• Monitor personal banking information. This is something that should be done in any respect. According to an article on Yahoo finance, “federal law limits your liability for fraudulent debit-card charges to $50, but only if you report the theft or loss of your card or PIN within two business days of discovering the problem. If you fail to report unauthorized charges within 60 days of the date the statement listing those charges was mailed, you could be liable for any unauthorized withdrawals afterward, including the full value of credit lines or savings accounts linked to your account for overdraft protection.”
If fraud is suspected, the bank must investigate and a person’s funds won’t be replenished until the investigation is complete. For this reason alone, it is critical to be a responsible consumer and be vigilant at all times.
Congratulations to This Month's Winner
Positive Economic Update
The economy took a surprising turn and generated unexpected fourth quarter growth. It was the fastest the economy has grown in the fourth quarter in the past six years. Gross Domestic Product, a crucial measure of the US economy, soared at a 5.7% annual rate.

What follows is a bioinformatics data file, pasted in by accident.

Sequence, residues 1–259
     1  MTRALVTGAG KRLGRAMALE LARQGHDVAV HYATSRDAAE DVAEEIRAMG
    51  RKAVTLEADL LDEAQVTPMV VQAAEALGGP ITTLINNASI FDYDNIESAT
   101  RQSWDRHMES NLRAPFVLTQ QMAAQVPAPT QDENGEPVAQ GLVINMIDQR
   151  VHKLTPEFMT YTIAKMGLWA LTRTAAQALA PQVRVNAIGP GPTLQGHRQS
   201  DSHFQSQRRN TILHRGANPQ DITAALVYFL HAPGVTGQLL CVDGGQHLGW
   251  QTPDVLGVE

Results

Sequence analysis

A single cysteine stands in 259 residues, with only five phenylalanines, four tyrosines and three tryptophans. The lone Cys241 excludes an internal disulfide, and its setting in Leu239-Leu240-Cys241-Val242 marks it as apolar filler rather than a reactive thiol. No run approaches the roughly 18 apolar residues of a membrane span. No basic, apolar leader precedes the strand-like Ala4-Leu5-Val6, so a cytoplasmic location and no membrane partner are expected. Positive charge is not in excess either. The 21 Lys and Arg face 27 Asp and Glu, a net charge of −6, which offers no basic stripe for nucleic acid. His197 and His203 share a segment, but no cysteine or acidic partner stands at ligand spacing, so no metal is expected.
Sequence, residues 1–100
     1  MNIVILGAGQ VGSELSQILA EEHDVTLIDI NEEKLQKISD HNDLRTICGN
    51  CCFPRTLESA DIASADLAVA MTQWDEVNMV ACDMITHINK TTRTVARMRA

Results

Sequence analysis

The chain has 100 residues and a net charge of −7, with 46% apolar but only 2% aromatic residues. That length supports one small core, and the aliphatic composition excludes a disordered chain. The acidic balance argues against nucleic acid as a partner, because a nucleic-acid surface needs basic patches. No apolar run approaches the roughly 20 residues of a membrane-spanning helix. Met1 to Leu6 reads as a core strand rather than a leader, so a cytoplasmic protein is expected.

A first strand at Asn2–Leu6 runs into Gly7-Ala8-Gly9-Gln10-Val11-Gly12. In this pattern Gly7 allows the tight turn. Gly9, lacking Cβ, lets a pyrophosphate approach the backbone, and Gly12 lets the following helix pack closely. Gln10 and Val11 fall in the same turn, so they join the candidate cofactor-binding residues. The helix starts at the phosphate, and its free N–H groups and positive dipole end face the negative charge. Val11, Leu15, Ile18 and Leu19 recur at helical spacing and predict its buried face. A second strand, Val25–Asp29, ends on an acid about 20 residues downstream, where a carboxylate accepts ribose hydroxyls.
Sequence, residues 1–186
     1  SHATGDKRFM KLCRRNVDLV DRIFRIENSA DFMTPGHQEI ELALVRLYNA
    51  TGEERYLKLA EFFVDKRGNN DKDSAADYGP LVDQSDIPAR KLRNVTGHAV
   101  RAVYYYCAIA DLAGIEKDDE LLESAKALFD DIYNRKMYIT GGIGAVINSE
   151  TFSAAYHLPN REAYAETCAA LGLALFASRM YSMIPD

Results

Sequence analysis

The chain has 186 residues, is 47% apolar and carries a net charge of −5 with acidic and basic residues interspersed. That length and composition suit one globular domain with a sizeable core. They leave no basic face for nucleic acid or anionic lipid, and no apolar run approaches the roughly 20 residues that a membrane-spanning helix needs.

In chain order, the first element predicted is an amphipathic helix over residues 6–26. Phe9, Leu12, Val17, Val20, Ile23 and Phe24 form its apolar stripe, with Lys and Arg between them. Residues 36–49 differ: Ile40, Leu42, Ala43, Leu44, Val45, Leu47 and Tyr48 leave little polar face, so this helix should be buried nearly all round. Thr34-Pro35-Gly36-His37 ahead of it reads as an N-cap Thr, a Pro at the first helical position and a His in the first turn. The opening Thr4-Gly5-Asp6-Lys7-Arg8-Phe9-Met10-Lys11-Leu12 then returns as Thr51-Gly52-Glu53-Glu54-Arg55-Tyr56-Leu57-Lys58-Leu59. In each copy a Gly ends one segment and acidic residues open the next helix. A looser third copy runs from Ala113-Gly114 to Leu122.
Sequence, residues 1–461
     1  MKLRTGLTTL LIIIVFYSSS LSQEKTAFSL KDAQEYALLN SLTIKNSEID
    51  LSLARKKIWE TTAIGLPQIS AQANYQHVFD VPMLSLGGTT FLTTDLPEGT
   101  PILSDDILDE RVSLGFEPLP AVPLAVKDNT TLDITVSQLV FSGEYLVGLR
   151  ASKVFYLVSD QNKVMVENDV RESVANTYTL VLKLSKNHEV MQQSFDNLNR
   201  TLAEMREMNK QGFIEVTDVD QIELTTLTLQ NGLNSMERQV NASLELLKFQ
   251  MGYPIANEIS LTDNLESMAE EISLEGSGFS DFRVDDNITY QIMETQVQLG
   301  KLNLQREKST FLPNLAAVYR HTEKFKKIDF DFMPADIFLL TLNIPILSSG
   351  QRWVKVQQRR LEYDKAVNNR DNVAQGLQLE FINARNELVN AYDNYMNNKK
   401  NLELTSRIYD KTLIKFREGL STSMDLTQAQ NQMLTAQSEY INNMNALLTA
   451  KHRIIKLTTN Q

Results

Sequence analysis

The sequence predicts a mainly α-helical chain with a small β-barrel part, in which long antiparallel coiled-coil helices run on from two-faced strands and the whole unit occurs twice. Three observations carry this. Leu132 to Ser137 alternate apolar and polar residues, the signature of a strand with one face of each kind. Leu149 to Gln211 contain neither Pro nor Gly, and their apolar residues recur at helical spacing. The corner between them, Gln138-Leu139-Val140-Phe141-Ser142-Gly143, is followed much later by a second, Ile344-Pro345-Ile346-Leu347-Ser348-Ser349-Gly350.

Much of the growth was due to companies reducing inventories more slowly than in the past and increased spending. Stuart Hoffman, chief economist at PNC Financial Services Group in Pittsburgh stated, “The data shows that the necessary transition from government stimulus to private sector spending is under way, which is essential to sustain the economic expansion.”
Economists were also stunned when the unemployment rate dropped to 9.7% in January. It was expected to remain in the double-digit range for the first part of 2010, so the drop came as an unexpected surprise. There are, however, nearly 15 million Americans out of work, and those who have been on unemployment for 27 weeks or longer climbed to 6.3 million. This proves the threat of unemployment still lingers, and we aren’t out of the woods yet.
Additional positive reinforcement came when the International Monetary Fund (IMF), an international organization that monitors global financial entities, said that China and other Asian economies are driving a worldwide recovery at a stronger than anticipated rate. Japanese and US economies are still, however, recovering more slowly. The IMF did caution that a second recession is still possible and that world economies continue to be delicate.